Modern monitoring centers have invested heavily in redundant systems where virtually every system, circuit, power source, carrier, etc. is deployed in pairs. As an industry, we have incredibly reliable and consistent services, but while dial-up worked reliably from the 1970s to the early 2000s, our demands on that system have now evolved to a level at which it is not going to remain capable of supporting critical data transmissions.

As the most recent AT&T 3G-to-LTE conversion is completed, it is time to really work hard to get our systems migrated off dial-up and onto other technologies that will provide the reliable and secure communications we all need.

When I speak with dealers and providers, there is almost a universal story that I hear as to why they have not converted to a greater extent. Their reasons are legitimate, but like most things in life, success can be measured by how well you overcome challenges and attain objectives.

It takes planning, has to be intentional and well-defined, and the plan will need a champion and motivation throughout the company to execute it. When in place, its successes and failures must be measured so adjustments can be executed, if necessary.

Prudence requires knowing what objections might arise ahead of time thereby allowing you to develop a strategy to address them. This is not intended to be a business plan but is instead a checklist of the typical stuff that can affect your business model. Some of the typical roadblocks?

COSTS: Subscribers always push back on the cost, but if you are able to eliminate the costs for POTS lines, it’s a pretty simple ROI. But also consider that if you can convert the subscriber into one of the many platforms that provide home automation and remote control, the churn rate on these is far less, and the monthly RMR is more; there is measurable value to that, so do your pricing accordingly.

EDUCATION: Almost everyone I speak with has a certain number of subscribers that simply don’t believe that there is anything wrong with dial-up. There is a fair amount of consumer-facing material to argue your case and help them understand the need now and in the future. You just need to get that material in front of them.

CHOICES: While we are all experiencing shortages in product, never has there been more options to look at for network enabled communicators as well as private radio options. Cell coverages are better than ever, and the Internet itself, primarily because of work-from-home efforts, has expanded bandwidth significantly. Take some time to really investigate what’s out there and speak with your monitoring station to see what they support and what experiences they have had with the various products and platforms.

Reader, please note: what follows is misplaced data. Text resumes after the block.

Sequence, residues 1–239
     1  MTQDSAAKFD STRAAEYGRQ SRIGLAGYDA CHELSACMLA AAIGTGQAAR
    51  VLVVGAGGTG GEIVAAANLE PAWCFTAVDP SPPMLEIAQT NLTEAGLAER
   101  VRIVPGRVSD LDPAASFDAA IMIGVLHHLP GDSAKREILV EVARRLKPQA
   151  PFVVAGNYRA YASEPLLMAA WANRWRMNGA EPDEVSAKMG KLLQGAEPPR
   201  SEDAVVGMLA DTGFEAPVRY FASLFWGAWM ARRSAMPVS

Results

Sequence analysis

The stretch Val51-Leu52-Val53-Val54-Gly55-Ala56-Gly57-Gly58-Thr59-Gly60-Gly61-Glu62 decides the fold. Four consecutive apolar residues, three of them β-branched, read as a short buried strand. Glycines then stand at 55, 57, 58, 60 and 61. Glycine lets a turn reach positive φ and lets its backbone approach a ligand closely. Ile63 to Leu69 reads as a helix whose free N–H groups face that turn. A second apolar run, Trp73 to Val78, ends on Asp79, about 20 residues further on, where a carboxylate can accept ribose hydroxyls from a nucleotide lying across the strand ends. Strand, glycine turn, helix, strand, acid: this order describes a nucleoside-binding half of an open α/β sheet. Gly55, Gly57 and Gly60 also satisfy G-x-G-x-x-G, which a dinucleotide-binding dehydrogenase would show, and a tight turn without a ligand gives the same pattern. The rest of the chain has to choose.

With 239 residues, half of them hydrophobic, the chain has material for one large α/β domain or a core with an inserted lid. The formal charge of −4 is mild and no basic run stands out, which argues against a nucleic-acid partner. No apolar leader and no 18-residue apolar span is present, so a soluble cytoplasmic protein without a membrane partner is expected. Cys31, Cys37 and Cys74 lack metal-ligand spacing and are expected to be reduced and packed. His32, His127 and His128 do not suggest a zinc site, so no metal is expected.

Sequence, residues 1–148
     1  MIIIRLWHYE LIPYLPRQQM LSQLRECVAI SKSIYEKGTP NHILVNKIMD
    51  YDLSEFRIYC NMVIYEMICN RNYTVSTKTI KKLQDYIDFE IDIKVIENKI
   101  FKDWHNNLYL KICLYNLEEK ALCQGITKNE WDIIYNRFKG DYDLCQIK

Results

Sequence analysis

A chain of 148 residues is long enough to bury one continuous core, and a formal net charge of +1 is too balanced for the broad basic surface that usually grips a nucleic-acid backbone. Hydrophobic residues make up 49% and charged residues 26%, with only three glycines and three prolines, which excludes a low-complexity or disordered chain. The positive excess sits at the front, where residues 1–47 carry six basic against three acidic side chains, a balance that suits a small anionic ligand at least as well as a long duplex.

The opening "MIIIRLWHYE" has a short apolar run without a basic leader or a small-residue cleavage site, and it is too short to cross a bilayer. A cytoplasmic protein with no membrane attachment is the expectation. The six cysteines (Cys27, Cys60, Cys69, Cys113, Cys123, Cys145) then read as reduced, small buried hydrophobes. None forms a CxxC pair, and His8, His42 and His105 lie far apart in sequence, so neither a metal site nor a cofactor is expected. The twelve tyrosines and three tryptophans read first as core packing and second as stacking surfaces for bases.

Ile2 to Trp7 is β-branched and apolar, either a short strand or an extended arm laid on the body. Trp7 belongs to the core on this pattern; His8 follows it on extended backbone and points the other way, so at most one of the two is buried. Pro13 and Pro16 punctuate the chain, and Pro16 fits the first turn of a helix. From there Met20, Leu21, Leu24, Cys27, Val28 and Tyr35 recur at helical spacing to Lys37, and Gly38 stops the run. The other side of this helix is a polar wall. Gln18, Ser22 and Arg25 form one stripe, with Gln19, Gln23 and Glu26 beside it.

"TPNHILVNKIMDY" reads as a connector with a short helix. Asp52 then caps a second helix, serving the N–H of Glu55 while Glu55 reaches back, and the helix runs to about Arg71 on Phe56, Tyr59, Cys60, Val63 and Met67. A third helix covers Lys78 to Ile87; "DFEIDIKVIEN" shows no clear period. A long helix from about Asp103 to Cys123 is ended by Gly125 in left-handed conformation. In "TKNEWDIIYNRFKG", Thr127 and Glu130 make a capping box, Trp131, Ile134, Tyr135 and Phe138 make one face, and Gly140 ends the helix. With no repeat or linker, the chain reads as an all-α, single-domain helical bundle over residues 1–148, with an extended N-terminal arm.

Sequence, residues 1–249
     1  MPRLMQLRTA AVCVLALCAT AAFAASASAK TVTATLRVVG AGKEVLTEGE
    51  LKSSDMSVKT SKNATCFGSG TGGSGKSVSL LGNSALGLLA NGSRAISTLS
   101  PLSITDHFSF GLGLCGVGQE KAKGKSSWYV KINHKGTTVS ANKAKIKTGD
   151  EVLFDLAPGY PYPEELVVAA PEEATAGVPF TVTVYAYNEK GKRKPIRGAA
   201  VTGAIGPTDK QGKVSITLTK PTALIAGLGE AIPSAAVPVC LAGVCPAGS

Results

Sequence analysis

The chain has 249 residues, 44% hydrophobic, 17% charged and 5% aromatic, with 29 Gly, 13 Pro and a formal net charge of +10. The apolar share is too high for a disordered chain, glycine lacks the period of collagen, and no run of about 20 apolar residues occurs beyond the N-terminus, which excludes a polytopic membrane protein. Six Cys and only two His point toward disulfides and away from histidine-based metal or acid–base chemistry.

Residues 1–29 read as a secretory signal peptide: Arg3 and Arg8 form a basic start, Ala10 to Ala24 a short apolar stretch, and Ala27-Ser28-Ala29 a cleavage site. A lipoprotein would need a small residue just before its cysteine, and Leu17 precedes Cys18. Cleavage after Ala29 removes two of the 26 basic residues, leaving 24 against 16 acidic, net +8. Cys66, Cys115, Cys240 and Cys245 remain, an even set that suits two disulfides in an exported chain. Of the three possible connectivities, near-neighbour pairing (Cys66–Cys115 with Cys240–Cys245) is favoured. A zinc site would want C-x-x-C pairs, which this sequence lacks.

After you have done your homework, go ahead and set up nonproduction test sites. Once you have decided which products and platforms you want to roll out, take the time to create installation and troubleshooting documentation for connecting each type of panel you have in the field.

Make sure your documentation includes not only how to wire the solution but also the required programming changes for the host panel. Don’t forget to create testing documents so that you can verify that everything was working and was tested at the time when you finished the installation.

As part of your program, you should set up supervisors to inspect how your technical staff is doing the work. If you get everything kitted and documented, changing over a dial-up account should end up being a fairly simple task and should become a rinse-and-repeat process that will be reliable for a long time to come.

It’s time to get this into focus, assign a champion, get your company aligned to the mission and then execute on it. Getting your accounts off of POTS lines will ultimately save you time and increase the value of your company, but more importantly it will provide your subscribers solid and reliable communications into the future. 

About the Author



Morgan Hertel is Vice President of Technology and Innovation for Rapid Response Monitoring.